B. Single-Use Plans  

Single-use plans are developed to accomplish a specific purpose and then discarded. Unlike policies, rules, and procedures, single-use plans detail courses of action that won’t be performed on a repetitive basis. 1.  

2.  

3.   4.  

Programs A program is a large-scale plan that involves a mix of objectives, policies, rules, and projects. A program outlines the specific steps to be taken to achieve its objectives and the time, money, and human resources required to complete it. Projects A project is a distinct, smaller part of a program. Each project has its own objectives and becomes the responsibility of personnel assigned to oversee it. Budgets A well-planned budget serves as both a planning and a controlling tool. A budget is a forecast of expected financial performance over time. Schedules A schedule is a plan showing activities to be performed and their timing. Two scheduling approaches with which students should be familiar are the Gantt chart and critical path method.

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CHAPTER NOTES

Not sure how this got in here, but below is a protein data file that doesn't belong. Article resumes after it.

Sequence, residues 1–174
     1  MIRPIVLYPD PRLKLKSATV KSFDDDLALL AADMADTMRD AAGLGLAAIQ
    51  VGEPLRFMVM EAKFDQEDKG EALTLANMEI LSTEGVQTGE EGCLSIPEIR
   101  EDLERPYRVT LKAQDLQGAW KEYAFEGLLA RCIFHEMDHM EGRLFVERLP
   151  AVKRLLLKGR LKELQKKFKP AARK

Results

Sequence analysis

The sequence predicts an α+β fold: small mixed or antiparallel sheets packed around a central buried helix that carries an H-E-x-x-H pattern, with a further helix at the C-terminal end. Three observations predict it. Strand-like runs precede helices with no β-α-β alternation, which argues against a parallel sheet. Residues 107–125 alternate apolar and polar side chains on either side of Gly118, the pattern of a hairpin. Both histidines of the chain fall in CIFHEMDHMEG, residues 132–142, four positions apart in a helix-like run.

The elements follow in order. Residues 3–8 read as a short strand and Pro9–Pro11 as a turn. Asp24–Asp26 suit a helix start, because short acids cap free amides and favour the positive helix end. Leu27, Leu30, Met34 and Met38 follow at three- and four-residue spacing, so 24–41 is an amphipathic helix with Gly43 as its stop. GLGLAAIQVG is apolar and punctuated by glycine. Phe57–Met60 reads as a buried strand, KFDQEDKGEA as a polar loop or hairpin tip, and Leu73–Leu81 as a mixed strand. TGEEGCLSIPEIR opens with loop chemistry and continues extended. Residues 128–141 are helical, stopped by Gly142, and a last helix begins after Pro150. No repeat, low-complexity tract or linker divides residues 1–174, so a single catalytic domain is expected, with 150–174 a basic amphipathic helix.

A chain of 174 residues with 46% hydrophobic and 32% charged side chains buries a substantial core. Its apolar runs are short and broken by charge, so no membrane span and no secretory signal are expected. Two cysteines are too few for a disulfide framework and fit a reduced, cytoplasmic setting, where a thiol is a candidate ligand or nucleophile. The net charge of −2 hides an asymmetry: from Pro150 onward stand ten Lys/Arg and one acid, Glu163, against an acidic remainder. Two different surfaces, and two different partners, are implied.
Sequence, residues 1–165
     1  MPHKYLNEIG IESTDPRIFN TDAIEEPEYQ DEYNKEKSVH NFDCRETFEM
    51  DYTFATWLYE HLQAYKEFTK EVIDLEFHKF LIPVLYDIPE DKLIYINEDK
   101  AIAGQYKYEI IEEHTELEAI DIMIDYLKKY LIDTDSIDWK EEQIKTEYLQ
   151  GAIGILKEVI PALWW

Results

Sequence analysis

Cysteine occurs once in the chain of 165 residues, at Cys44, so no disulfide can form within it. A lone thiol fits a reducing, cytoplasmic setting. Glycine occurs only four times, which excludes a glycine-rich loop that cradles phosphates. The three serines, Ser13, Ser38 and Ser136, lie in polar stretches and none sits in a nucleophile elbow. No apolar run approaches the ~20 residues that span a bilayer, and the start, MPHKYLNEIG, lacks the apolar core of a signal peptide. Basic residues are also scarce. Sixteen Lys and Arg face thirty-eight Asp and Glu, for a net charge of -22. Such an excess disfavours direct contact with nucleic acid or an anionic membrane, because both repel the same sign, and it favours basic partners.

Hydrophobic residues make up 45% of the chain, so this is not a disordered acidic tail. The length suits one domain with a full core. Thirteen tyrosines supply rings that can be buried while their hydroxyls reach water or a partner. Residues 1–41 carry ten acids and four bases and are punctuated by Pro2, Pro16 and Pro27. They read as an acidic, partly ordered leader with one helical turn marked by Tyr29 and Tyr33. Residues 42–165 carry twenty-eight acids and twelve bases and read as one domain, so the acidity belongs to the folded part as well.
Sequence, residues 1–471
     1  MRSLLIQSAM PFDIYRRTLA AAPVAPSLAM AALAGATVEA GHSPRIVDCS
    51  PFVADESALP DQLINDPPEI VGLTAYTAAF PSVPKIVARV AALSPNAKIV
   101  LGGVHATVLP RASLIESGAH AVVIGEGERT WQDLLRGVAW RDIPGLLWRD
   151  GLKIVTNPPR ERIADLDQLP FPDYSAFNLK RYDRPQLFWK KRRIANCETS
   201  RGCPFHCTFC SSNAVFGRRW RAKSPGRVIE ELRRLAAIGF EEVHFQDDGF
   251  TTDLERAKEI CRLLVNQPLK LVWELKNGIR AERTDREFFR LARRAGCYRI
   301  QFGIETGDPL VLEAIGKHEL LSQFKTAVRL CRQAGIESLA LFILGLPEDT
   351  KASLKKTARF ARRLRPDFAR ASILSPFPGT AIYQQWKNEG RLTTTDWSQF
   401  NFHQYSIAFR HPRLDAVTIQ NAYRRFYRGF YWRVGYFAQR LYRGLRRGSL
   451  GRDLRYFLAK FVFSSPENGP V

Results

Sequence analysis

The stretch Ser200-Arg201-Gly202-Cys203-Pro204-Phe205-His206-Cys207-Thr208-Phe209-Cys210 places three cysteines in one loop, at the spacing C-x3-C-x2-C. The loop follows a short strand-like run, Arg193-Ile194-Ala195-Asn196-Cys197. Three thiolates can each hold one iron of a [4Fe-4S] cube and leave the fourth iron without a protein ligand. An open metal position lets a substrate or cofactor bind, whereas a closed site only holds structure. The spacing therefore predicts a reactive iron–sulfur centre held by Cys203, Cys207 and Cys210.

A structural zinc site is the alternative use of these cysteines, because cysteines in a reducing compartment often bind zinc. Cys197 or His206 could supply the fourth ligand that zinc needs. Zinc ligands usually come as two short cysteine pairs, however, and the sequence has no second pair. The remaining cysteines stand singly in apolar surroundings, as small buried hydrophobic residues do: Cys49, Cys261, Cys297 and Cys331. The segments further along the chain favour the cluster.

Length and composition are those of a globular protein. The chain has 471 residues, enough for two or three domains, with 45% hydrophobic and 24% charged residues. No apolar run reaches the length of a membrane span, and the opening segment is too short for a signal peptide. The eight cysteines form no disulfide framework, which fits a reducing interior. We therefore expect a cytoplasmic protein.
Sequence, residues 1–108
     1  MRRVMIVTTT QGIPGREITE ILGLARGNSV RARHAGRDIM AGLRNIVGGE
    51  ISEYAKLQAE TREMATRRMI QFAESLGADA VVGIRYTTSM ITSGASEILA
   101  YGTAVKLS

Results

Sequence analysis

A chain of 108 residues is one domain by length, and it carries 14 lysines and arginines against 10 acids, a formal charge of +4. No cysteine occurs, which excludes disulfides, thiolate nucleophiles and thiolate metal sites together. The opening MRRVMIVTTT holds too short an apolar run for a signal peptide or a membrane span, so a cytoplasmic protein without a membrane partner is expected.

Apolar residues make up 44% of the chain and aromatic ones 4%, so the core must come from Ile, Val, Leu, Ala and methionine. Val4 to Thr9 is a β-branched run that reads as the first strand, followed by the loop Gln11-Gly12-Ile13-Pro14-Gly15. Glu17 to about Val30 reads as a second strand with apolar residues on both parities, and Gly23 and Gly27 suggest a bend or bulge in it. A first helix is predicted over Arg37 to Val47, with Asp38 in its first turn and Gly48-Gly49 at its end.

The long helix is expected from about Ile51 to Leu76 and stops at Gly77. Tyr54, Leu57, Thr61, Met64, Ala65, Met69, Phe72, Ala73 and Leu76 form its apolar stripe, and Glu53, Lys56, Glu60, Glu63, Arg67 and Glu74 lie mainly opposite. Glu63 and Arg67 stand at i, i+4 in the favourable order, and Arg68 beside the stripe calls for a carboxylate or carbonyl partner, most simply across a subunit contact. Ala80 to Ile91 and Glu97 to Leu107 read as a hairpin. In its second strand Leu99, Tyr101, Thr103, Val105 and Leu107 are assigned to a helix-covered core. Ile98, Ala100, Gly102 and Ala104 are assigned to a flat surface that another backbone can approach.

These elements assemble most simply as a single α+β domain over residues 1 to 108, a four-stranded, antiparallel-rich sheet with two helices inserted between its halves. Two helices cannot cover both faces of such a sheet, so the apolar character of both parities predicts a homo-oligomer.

Chapter 2

The Gantt chart is a visual progress report that identifies work stages or activities on a vertical axis and scheduled completion dates horizontally. o While the Gantt chart is helpful as a planning tool, it does not show directly how the various activities involved in a job depend on one another. The critical path method is a management scheduling tool that identifies the activities needed to complete a task or project, specifies the time each activity will take, and shows the relationships among the network of activities to determine the total completion time of the task or project. o The critical path method is used on highly complex, one-time projects, such as building a skyscraper or completing the prototype of a new jet aircraft. o However, its principles are relevant for many supervisors, especially in planning and scheduling various aspects of their jobs. o The total time to complete a job is obtained by adding the hours necessary to complete the series of activities that comprise the longest route, in terms of time, to complete the job.  This route is called the critical path. o A major advantage of the critical path method, even for simple problems, is that they graphically display the dependent parts of a total job.  The supervisor thus has a better grasp of the total job to be completed.